When we first started exploring the idea of opening in London, we went to the obvious areas like Marylebone; I was pitching for a site on Sloan Street. I love Chelsea and Mayfair; obviously, those are areas we’d love to be in. But then we went to Battersea and I just thought that because it’s a new development and the location they offered us outside the entrance of the power station and it is next to the biggest Zara in the country. When I say that it’s not as competitive, what I mean is not to say that the retailers and restaurateurs aren’t competitive in Battersea; they certainly are, but it’s not overly saturated yet. Whereas going to an area like maybe Marylebone, there are hundreds and hundreds of restaurants in central London which makes it a little bit more nerve-wracking. So, there is less competition in terms of volume which allows us to stand out there. The site within the already iconic precinct is incredible and we’ve got a great relationship with the landlord so all in all, it was a good first choice.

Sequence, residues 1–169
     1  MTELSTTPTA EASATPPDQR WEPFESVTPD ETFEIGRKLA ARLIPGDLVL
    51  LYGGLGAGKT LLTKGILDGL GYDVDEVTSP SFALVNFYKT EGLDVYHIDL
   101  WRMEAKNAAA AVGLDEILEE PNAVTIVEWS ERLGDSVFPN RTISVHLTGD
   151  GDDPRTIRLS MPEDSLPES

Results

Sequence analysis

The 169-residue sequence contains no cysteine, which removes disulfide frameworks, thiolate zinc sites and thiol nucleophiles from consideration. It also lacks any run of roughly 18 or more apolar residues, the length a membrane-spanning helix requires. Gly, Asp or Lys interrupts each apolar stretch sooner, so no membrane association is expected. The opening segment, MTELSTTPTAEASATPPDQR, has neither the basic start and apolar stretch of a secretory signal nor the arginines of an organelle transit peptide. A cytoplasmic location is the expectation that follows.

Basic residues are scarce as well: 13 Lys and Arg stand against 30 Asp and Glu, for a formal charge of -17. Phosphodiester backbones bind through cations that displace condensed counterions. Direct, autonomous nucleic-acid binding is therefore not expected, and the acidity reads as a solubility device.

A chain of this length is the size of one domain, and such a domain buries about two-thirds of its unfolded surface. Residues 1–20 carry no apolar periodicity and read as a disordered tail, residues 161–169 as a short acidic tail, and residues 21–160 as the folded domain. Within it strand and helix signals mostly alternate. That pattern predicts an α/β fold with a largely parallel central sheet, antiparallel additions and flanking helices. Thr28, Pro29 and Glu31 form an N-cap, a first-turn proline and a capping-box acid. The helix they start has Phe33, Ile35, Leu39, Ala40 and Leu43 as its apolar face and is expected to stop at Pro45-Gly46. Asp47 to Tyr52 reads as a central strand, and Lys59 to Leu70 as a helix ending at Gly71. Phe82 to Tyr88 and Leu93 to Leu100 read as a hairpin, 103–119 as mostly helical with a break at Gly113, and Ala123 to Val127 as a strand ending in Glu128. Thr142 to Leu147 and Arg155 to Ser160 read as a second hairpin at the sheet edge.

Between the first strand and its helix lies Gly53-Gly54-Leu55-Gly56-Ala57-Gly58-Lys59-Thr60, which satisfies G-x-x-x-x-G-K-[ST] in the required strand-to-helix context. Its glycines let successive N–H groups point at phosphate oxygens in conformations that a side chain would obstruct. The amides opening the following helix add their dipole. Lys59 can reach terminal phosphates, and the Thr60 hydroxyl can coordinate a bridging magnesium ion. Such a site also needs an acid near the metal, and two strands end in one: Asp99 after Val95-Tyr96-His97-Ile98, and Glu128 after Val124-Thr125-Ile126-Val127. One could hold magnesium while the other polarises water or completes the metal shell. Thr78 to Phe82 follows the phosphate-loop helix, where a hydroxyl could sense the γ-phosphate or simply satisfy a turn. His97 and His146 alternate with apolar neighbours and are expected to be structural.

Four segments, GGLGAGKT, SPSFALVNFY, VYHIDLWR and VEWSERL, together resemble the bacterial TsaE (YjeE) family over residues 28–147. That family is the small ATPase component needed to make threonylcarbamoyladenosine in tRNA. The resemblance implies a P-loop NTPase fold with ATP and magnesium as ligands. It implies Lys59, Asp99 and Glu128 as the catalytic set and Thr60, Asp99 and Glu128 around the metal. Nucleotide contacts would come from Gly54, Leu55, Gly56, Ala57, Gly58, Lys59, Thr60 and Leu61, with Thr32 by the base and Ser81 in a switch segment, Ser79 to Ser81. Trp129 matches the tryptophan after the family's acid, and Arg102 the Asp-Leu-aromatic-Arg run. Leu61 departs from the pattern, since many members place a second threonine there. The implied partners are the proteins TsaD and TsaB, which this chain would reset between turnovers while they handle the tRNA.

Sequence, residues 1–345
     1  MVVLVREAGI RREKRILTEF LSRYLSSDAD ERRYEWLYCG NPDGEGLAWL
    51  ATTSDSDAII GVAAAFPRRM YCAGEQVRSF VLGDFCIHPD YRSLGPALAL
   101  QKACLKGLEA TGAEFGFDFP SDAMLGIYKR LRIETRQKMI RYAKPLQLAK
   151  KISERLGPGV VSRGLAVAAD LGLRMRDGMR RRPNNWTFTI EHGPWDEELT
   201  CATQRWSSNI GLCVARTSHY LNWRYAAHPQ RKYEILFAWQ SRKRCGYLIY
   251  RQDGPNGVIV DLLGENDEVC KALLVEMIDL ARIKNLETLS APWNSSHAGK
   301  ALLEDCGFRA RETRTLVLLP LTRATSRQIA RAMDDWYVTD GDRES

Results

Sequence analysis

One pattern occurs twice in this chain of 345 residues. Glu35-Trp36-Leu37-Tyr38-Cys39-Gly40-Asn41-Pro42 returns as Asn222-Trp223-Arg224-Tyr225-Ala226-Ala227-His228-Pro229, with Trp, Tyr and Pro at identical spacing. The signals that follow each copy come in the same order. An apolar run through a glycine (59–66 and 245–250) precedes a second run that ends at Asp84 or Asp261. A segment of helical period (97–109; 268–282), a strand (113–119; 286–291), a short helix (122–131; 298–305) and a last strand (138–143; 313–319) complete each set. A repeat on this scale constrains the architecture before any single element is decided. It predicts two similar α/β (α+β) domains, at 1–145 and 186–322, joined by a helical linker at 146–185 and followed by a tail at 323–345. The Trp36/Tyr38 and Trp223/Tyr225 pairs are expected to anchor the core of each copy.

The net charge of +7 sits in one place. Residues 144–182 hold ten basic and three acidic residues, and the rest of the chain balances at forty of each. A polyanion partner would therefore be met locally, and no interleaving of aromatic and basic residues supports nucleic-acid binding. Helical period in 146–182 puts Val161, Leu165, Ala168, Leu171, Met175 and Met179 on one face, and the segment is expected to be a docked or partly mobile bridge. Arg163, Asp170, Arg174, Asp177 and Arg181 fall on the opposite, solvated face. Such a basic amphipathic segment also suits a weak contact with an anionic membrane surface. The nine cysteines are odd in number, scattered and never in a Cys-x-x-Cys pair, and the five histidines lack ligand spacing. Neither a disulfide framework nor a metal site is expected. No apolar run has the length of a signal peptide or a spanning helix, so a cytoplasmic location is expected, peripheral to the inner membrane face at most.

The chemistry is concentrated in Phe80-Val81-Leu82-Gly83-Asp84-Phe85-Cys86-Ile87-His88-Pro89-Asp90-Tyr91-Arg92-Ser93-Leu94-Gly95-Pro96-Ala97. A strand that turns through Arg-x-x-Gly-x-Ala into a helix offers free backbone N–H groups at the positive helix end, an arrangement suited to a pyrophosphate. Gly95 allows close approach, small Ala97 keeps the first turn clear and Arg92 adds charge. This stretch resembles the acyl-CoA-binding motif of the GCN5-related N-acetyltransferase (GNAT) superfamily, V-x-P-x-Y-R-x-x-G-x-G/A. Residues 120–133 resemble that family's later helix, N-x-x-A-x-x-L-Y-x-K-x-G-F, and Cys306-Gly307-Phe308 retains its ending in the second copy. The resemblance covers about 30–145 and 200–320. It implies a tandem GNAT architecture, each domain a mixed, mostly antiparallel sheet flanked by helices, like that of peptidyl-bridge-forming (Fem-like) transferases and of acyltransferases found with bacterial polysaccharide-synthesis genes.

Bringing Atholl Square, South African flavours and interior design to London
I’m bringing Tasha’s Atholl Square, my firstborn, to London. We turned 18 on the 15th of September. That’s when I opened Atholl Square. The menu is very much a Tashas menu. We’ve upgraded a few of our dishes and changed a bit of the plating, and of course, there are about 15 or 20 things that’ll be unique to London. As always, we like to raise the bar and improve our standards as we go along. Understanding that London is an extremely competitive market, we’ve had to do that. We’ve had to tweak some things. However, it’s still Tashas at its heart and you’ll find your good old classics on the menu. I think 70% of the menu is still classic.
[For our interiors], we worked with Verhaal, a South African couple, Dewald Struwig and Nadine Bak.They’ve been doing our interiors for many years now, but they have designed from store number five; we’re now going to be at 39 restaurants by the end of next year. So, they’ve done 35 of our stores.
We’ve got a couple of nods to South African artists. We’ve worked with Bronze Age to do our beautiful counter, our signature counter. We’ve worked with Elonah O’Neill to do our installation. But yes, it’s going to look exactly like Athol Square.
Tashas 18 year journey from one restaurant in Atholl Square to 10 brands